Objective: The need for a lower BMI to classify overweight in Asian populations has been controversial. Using both disease and mortality outcomes, we investigated whether lower BMI cut-off points are appropriate for identifying increased health risk in Koreans.
Research methods and procedures: We conducted a cohort study among 773,915 men and women from 30 to 59 years old with 8- to 10-year follow-up periods. Primary outcomes were change of obesity prevalence, obesity-related disease incidence, and all-cause mortality.
Results: Prevalence of overweight (BMI of 25.0-29.9) has steadily increased (1.3% annually), whereas obesity (BMI > or = 30) showed a lower prevalence and only a slight increase (0.1%-0.2% annually). Our study revealed that dose-response relationships exist between obesity and related disease incidences (hypertension, type 2 diabetes, and hypercholesterolemia) beginning at lower BMI levels than previously reported. Compared with those in the healthy weight range, Koreans with a BMI > or = 25 were not at greater risk of hypertension, type 2 diabetes, or hypercholesterolemia than has been reported for whites in similar studies. Obesity-related all-cause mortality also did not seem so different from that of whites.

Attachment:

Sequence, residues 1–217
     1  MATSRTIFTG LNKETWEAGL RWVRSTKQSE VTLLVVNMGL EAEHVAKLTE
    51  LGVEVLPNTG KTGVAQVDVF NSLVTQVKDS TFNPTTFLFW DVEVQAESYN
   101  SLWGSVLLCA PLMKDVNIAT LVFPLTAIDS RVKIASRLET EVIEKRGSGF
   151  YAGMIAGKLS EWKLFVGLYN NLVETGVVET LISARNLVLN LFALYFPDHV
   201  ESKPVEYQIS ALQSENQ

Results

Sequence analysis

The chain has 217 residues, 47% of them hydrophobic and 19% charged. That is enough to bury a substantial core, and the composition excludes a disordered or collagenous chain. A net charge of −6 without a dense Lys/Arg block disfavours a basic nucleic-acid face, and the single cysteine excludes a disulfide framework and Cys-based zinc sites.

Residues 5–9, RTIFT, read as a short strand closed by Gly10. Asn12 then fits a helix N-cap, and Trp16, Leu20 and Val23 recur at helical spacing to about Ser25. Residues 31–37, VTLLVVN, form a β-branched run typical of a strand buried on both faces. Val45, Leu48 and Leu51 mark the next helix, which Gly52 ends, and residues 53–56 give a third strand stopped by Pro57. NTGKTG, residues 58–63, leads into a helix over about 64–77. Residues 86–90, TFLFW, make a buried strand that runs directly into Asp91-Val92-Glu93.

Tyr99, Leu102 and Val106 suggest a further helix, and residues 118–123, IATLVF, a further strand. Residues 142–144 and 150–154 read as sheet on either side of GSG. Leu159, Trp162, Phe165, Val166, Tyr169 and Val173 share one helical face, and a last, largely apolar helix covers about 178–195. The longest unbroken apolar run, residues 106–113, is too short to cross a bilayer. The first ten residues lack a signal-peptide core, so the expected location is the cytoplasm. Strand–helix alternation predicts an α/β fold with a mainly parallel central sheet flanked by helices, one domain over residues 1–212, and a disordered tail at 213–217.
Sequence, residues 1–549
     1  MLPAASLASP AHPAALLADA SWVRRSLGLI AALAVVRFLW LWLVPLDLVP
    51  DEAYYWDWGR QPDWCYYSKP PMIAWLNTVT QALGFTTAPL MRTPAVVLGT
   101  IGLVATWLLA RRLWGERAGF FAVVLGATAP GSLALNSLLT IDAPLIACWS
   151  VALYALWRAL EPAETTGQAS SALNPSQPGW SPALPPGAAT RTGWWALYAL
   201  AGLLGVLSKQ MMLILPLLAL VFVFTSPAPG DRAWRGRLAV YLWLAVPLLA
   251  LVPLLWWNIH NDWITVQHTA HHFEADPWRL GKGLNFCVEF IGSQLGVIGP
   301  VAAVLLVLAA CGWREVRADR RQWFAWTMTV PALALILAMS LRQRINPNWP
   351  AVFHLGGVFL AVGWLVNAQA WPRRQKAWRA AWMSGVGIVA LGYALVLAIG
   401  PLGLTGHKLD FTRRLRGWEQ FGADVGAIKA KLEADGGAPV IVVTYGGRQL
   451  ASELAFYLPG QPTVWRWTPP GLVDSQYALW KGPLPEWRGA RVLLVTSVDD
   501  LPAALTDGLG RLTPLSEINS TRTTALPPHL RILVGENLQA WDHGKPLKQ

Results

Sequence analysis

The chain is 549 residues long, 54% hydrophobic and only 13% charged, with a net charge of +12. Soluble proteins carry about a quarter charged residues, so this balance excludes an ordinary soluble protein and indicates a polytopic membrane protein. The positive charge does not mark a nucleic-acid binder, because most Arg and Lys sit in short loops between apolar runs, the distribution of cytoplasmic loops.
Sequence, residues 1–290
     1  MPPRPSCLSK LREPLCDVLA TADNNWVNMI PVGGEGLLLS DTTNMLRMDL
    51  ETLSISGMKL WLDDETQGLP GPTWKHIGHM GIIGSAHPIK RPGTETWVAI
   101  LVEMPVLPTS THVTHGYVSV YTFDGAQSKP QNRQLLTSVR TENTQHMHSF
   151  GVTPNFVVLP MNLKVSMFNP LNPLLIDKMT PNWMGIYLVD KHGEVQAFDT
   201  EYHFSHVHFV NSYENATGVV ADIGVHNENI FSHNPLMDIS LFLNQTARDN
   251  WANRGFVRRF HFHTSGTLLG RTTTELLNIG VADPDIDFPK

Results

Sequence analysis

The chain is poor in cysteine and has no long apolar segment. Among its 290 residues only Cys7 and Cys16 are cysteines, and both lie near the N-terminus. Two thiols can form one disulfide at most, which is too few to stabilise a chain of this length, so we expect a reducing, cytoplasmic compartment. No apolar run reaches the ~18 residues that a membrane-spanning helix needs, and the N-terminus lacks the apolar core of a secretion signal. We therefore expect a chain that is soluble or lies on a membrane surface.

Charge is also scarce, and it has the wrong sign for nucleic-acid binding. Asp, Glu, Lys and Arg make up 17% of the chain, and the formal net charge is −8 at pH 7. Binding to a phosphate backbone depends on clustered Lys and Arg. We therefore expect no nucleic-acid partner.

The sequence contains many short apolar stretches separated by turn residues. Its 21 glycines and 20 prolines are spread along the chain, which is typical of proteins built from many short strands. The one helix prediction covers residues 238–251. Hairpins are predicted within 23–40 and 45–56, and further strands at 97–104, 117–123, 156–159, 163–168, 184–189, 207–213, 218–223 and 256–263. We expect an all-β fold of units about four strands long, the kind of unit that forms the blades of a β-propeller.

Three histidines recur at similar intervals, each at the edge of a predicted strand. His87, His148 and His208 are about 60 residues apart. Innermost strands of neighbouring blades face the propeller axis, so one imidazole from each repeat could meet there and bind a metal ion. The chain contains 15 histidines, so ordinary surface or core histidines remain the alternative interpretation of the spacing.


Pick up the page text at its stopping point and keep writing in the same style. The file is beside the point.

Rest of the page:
Discussion: Our findings did not support the use of a lower BMI cut-off point for defining overweight in Koreans compared with whites for the purpose of identifying different risks. However, populations with BMI > or = 25 are rapidly increasing and have substantial risks of diseases. To preempt the rapid increases in obesity and related health problems that are occurring in Western countries, Korea should consider using a BMI of 25 as an action point for obesity prevention and control interventions.